A new 1GWh lithium iron phosphate (LFP) battery factory in Turkey serving the energy storage system (ESS) market will start production in Q4 2022, said Pomega Energy Storage Technologies, the company behind the project.
The Pomega Energy Storage factory in the capital Ankara will launch at the end of the year with 350MWh of production capacity eventually rising to 1GWh by Q1 2025, with an interim ramp-up set for Q2 2024.
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It is being built on/in an existing factory acquired in the Polatlı Organized Industrial Zone and construction started at the end of 2021. It will produce LiFePO4, aka LFP, battery cells, packs, modules and containerised energy storage systems (ESS) on a zero-waste principle.
It will generate 40% of its electricity with rooftop solar as well as use a waste heat recovery plant and rain collection and re-use systems.
A delivery time of under two years for an LFP battery factory is certainly at the low end but others, like American Battery Factory, have announced similar project timelines.
Pomega’s parent company Kontrolmatic is an engineering company with a turnkey ESS solutions and has two existing factories operating in Ankara, making this move an example of vertical integration in the sector.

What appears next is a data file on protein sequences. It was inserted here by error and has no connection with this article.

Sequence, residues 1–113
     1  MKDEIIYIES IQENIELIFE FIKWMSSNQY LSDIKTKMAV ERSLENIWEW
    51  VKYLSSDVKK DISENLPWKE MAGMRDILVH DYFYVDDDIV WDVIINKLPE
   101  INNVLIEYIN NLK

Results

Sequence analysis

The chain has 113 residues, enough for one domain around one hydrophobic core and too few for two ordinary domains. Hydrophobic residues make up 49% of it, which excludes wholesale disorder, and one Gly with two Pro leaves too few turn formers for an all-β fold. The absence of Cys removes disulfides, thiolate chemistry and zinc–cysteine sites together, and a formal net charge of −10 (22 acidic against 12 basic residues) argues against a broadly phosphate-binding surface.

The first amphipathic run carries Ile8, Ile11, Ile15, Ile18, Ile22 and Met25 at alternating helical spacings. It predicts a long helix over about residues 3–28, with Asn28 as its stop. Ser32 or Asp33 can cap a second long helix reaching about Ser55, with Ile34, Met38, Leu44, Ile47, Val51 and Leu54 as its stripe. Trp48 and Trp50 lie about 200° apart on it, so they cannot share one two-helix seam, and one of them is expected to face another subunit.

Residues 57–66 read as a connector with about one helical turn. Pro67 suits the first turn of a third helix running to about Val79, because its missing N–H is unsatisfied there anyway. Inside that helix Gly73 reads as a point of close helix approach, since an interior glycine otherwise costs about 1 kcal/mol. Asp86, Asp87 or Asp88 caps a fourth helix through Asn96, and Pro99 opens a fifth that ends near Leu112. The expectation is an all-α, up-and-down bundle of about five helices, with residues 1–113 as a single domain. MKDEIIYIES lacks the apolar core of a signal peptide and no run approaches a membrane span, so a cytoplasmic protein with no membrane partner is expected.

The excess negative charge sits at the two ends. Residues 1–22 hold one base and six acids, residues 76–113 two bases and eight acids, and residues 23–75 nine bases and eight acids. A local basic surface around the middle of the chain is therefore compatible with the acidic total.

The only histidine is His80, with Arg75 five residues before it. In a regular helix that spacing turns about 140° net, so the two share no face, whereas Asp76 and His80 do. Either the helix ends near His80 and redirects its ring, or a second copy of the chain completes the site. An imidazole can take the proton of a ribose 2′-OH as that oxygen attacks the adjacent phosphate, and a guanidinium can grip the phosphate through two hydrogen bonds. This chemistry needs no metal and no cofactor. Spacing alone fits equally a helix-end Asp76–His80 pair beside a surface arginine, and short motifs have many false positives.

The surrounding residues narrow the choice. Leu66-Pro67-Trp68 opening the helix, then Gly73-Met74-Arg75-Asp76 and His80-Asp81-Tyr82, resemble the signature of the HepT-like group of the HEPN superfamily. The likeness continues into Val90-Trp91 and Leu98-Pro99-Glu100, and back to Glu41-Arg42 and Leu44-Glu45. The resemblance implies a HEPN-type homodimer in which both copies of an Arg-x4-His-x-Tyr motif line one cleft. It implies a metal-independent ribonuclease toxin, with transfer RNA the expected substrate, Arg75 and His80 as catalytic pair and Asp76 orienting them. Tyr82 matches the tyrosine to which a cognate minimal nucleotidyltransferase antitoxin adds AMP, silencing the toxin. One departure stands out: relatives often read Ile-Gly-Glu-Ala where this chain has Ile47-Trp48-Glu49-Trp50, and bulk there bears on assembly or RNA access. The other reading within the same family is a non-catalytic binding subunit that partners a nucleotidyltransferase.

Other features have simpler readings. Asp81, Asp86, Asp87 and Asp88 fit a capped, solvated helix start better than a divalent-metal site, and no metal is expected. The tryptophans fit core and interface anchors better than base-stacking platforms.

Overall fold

One of its factories in Kahzamankazan produces mobile energy solutions while a second, also in Polatlı, produces lithium-ion battery cells and ESS solutions. It says the new LFP factory will reduce dependence on foreign imports.
Istanbul-based Kontrolmatic set up its subsidiary Pomega in November last year. Kontrolmatic listed in 2020 and is mainly active in the development and integration of software, hardware and systems across a range of engineering solutions in energy, mining, industry and transportation.
One of its main competitors is Inovat, part of larger holding company Tetico, whose Ankara factory can assemble 200 energy storage system enclosures a year, though it has not yet announced plans to build any new battery factories.
The energy storage market in Turkey is set to grow substantially in the coming years as 2GW of wind and solar come online each year, according to a interview Energy-storage.news recently did with Can Tokcan, managing partner at Turkish energy storage EPC Inovat.
The country has only around 2MW of installed storage today – its first grid-connected battery was installed in April last year – but that is set to grow by a factor of a thousand to 2GW in the next 10 years. Especially in the face of ongoing global supply chain issues, domesticating its supply chain could help Turkey reach that.
Ford, SK On and local investor Koç Holding signed non-binding Memorandum of Understanding (MOU) last month that could see the launch of a new gigafactory development, although it would only be serving the electric vehicle (EV) market.